Prime minister's questions, or PMQs, is a high point of the parliamentary week.
A to Z: Prime Minister's Questions
Each week, at noon on Wednesday the prime minister must come to the House of Commons to answer oral questions for half an hour.
The current arrangements for PMQs began after the Labour government came to power in May 1997.
Previously PMQs ran for 15 minutes and took place on Tuesday and Thursday afternoons.
The leader of the opposition may make up to six interventions (previously three) during PMQs. When not in a coalition government the Liberal Democrats' leader normally asks two questions.
Labour argued that one half-hour session was better than two shorter sessions, as backbench MPs would have more opportunity to question the prime minister in depth.
The session always starts with a routine question about the prime minister's engagements for the day.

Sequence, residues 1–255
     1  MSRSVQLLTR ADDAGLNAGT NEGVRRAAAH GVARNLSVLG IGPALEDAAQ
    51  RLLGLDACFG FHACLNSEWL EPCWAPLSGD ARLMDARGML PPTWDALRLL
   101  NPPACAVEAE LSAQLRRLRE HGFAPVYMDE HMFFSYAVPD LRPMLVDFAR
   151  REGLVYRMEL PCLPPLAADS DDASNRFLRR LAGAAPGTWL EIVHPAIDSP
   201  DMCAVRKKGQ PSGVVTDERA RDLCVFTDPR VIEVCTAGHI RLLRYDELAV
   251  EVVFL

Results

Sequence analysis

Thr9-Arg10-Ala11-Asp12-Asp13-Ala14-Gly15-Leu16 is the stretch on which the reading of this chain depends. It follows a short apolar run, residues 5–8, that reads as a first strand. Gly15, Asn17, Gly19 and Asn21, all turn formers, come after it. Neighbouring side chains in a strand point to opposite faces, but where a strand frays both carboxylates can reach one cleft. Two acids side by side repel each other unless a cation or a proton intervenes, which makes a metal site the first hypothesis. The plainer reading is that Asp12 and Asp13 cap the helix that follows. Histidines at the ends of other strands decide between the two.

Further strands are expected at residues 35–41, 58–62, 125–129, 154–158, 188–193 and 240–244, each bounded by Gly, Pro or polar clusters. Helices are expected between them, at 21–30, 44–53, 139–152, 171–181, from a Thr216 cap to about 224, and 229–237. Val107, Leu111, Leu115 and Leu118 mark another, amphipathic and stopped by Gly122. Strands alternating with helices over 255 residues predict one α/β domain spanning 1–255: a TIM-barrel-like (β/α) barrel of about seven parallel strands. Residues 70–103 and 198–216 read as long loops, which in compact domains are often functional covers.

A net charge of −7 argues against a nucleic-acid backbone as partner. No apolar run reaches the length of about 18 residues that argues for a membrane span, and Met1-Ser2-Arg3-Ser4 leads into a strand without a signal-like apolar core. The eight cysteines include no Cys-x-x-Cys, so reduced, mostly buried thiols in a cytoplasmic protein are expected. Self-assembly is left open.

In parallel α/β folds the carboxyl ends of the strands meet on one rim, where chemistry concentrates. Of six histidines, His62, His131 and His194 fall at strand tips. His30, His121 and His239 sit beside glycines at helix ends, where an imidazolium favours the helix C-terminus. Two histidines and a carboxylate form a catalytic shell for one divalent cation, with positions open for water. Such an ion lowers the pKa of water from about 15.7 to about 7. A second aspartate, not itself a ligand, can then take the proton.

MPs are not obliged to give the prime minister prior notice of the subjects that they are going to raise in all subsequent questions.
This element of surprise allows opposition MPs in particular to try to catch the prime minister out with an awkward question.
The prime minister must respond without delay, thinking on his or her feet - but he or she is guaranteed the last word in any exchange.
Government backbenchers can normally be relied upon to ask "helpful" questions, often planted by the Whips, which will allow the prime minister to tell the House about successful government policies.
The relative performance of each of the main party leaders is closely watched and each is under great pressure to get the better of their opponent.
'Punch and Judy'
But critics question whether success at the despatch box imparts much influence outside the Westminster village.
Others argue that it is not an effective way of holding the government to account since backbenchers are not able to ask a supplementary question unless they give the PM prior notice of their chosen subject.
And although the leaders of the two largest opposition parties can ask supplementary questions, the tone of such exchanges is often likened to "Punch and Judy" politics.
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